The mechanism for connecting together the respective left ends 3c of the split casing members 3 will be explained below with reference to FIG. 2.
A projection 28 is provided on the inner surface of the extending portion 3a formed at the left end 3c of each split casing member 3, and is brought into contact with the outer side of the sensor body 1. A clearance X is provided between the inner surface portion of the extending portion 3a except for the projection 28 and the outer side of the sensor body 1. In addition, the light incident and emergent portion of the sensor body 1, that is, the lens 2 carrying portion, projects from the projections 28 of the split casing 3.
The pair of split casing members 3 are connected together by the intermediate cap 4 while clamping the sensor body 1 therebetween. More specifically, the casing members 3 are joined together by fitting the retaining projection 6 formed on the inner periphery of the cap 4 into the engaging recess 5 formed in the outer periphery of the extending portion 3a of each of the split casing members 3. In this case, even when the retaining projection 6 of the intermediate cap 4 presses the extending portions 3a as the cap 4 is fitted on the casing members 3, each extending portion 3a can deflect about the projection 28 in the direction of the clearance X between the extending portion 3a and the sensor body 1, so that fitting between the retaining portion 6 and the engaging portion 5 can be smoothly effected without any risk of the extending portions 3a being bent undesirably. Further, after the fitting has been completed, the restoring resilient force of the extending portions 3a allows the fitting to be maintained in a satisfactory state.
Since the sensor body 1 and the extending portion 28 of each of the split casing members 3 are brought into resilient contact with each other, the sensor body 1 can move in the longitudinal direction thereof.
A threaded portion 4a which is formed on the outer periphery of the intermediate cap 4 is detachably threaded to a threaded portion 7b of the distal end cap 7 having the through-hole 7a for exposing the lens 2 carrying portion of the sensor body 1 to the outside.
The distance l between the front face of the lens 2 and the open end of the through-hole 7a is adjusted by longitudinally moving the senor body 1 such that the optical system of the sensor body 1 is set so as to provide an optimum resolving power.
When the distal end of the cap 7 has become worn, it can readily be replaced with a new one by unscrewing the cap 7 from the intermediate cap 4.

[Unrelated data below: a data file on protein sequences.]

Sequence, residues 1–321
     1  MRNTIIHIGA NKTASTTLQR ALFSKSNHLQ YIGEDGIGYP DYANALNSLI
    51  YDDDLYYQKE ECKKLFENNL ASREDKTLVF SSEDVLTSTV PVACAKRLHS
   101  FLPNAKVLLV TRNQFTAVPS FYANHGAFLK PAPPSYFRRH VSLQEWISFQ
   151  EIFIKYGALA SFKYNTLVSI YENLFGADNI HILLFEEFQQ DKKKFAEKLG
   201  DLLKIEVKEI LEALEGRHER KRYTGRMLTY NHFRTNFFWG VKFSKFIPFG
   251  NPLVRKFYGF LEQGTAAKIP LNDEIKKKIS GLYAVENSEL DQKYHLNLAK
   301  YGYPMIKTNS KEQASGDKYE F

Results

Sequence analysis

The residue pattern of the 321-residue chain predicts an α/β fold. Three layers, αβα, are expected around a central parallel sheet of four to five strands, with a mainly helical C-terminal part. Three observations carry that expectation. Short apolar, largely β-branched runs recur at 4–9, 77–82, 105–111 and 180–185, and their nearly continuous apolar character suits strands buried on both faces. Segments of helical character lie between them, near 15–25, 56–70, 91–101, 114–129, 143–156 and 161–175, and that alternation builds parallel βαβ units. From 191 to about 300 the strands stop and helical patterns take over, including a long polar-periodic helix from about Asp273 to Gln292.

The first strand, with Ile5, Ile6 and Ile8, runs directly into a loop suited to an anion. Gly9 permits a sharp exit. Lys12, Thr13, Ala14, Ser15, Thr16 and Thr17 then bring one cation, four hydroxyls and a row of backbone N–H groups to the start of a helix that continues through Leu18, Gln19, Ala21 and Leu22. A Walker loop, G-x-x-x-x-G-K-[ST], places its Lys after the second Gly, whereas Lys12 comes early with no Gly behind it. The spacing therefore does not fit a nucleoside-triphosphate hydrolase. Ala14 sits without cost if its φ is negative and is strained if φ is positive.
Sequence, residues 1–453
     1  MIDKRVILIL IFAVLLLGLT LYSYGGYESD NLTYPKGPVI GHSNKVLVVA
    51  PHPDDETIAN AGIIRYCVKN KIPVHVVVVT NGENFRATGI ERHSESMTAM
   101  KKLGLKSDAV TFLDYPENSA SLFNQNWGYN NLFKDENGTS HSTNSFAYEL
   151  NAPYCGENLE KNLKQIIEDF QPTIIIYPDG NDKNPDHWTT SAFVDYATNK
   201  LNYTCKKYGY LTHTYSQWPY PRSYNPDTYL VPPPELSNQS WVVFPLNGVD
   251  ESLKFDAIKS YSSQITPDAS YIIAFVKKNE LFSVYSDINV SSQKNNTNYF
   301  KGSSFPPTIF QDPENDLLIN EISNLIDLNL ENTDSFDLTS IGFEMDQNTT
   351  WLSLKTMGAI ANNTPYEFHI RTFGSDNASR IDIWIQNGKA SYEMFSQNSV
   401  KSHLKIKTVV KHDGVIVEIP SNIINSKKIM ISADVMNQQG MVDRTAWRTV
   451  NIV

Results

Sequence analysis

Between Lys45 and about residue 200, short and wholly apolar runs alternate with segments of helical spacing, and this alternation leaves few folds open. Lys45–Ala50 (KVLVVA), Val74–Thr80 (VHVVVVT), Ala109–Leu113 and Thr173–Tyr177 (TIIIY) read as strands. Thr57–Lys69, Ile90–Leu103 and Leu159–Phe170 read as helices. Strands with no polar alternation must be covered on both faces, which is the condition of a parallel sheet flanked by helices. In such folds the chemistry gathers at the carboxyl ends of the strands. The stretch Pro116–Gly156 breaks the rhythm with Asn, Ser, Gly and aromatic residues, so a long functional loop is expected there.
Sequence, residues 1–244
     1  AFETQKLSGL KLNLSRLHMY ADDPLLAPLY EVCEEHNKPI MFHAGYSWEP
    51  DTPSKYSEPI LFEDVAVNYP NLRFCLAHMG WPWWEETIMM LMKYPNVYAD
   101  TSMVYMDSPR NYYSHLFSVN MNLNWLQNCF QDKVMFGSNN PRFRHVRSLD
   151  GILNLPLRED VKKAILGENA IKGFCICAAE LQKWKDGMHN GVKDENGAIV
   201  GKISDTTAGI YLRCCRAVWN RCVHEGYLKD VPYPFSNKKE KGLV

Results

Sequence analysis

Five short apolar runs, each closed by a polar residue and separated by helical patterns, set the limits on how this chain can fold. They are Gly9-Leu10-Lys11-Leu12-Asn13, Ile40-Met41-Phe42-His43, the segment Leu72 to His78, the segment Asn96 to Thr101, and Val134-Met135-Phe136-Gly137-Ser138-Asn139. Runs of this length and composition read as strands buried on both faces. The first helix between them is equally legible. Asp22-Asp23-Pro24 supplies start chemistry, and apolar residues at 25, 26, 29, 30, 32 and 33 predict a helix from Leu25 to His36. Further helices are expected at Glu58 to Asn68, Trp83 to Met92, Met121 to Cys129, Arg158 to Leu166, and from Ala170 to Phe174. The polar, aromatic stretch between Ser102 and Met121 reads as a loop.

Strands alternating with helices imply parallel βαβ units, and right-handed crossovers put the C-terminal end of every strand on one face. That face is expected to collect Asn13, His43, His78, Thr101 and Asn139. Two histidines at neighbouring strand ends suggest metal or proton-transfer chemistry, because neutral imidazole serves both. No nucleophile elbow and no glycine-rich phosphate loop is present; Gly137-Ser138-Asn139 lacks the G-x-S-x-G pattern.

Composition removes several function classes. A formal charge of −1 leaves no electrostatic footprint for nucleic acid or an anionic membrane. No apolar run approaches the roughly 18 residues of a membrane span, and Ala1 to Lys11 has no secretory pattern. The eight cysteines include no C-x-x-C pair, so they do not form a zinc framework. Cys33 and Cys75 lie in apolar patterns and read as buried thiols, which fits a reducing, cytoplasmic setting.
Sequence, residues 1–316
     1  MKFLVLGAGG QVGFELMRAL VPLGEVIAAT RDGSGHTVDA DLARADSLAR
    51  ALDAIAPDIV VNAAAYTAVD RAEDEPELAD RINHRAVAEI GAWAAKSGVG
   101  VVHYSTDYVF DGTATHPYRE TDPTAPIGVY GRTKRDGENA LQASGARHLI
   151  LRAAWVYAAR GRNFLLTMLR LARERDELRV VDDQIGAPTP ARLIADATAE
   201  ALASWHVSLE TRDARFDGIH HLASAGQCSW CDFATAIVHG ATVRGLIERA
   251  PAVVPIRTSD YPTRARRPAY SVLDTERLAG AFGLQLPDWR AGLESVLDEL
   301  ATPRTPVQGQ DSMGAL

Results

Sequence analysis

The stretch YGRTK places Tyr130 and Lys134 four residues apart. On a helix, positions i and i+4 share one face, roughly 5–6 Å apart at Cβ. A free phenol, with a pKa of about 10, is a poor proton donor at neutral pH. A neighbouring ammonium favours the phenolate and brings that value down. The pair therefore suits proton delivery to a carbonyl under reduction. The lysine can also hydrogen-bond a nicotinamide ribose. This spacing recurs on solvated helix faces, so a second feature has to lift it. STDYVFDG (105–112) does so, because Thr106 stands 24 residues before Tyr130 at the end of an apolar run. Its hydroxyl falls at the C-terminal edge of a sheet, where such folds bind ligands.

As has been described above, it is possible, according to the present invention, to provide a bar code scanner in which the split casing and the intermediate cap can reliably be fitted to each other, and the sensor body can still be moved so as to adjust the light incident and emergent portion to an optimum position, thereby allowing a reliable signal reading operation.
|Cited Patent||Filing date||Publication date||Applicant||Title|
|US4460120 *||Aug 1, 1983||Jul 17, 1984||Symbol Technologies, Inc.||Narrow bodied, single- and twin-windowed portable laser scanning head for reading bar code symbols|
|Citing Patent||Filing date||Publication date||Applicant||Title|
|US5162640 *||Jan 17, 1991||Nov 10, 1992||Alps Electric Co., Ltd.||Pen type optical reading device having plural lens arrangement|
|US5264956 *||Apr 30, 1992||Nov 23, 1993||Silitek Corporation||Scanner mounting hardware|
|US5300762 *||Jun 25, 1992||Apr 5, 1994||Siemens Power Corporation||Non-contact shoe for bar code wands|
|US5319182 *||Mar 4, 1992||Jun 7, 1994||Welch Allyn, Inc.||Integrated solid state light emitting and detecting array and apparatus employing said array|
|US5319184 *||Mar 26, 1992||Jun 7, 1994||Intermec Corporation||Tip assembly for a bar code scanner|
|US5396054 *||May 9, 1994||Mar 7, 1995||Symbol Technologies, Inc.||Bar code reader using scanned memory array|
|US5414250 *||Jan 4, 1993||May 9, 1995||Symbol Technologies, Inc.||Method and apparatus for reading two-dimensional bar code employing bit-mapped imaging|
|US5451735 *||Jun 3, 1993||Sep 19, 1995||Worthington Data Solutions||Flexible circumferential switch|
|US5591952 *||Jan 26, 1995||Jan 7, 1997||Symbol Technologies||Bar code reader|
|USD669083 *||Nov 16, 2010||Oct 16, 2012||Tru-Test Limited||Wireless tag reader|
|USD724592 *||Feb 21, 2014||Mar 17, 2015||Amazon Technologies, Inc.||Scanner device|
|U.S. Classification||235/462.49, 235/462.43|
|Oct 6, 1986||AS||Assignment|
Owner name: ALPS ELECTRIC CO., LTD., 1-7 YUKIGAYA OTSUKA-CHO,
Free format text: ASSIGNMENT OF ASSIGNORS INTEREST.;ASSIGNORS:SASAKI, HIROAKI;NAKASE, KOJI;REEL/FRAME:004615/0643
Effective date: 19860506
|Oct 11, 1991||FPAY||Fee payment|
Year of fee payment: 4
|Oct 12, 1995||FPAY||Fee payment|
Year of fee payment: 8
|Dec 21, 1999||REMI||Maintenance fee reminder mailed|
|May 28, 2000||LAPS||Lapse for failure to pay maintenance fees|
|Sep 26, 2000||FP||Expired due to failure to pay maintenance fee|
Effective date: 20000531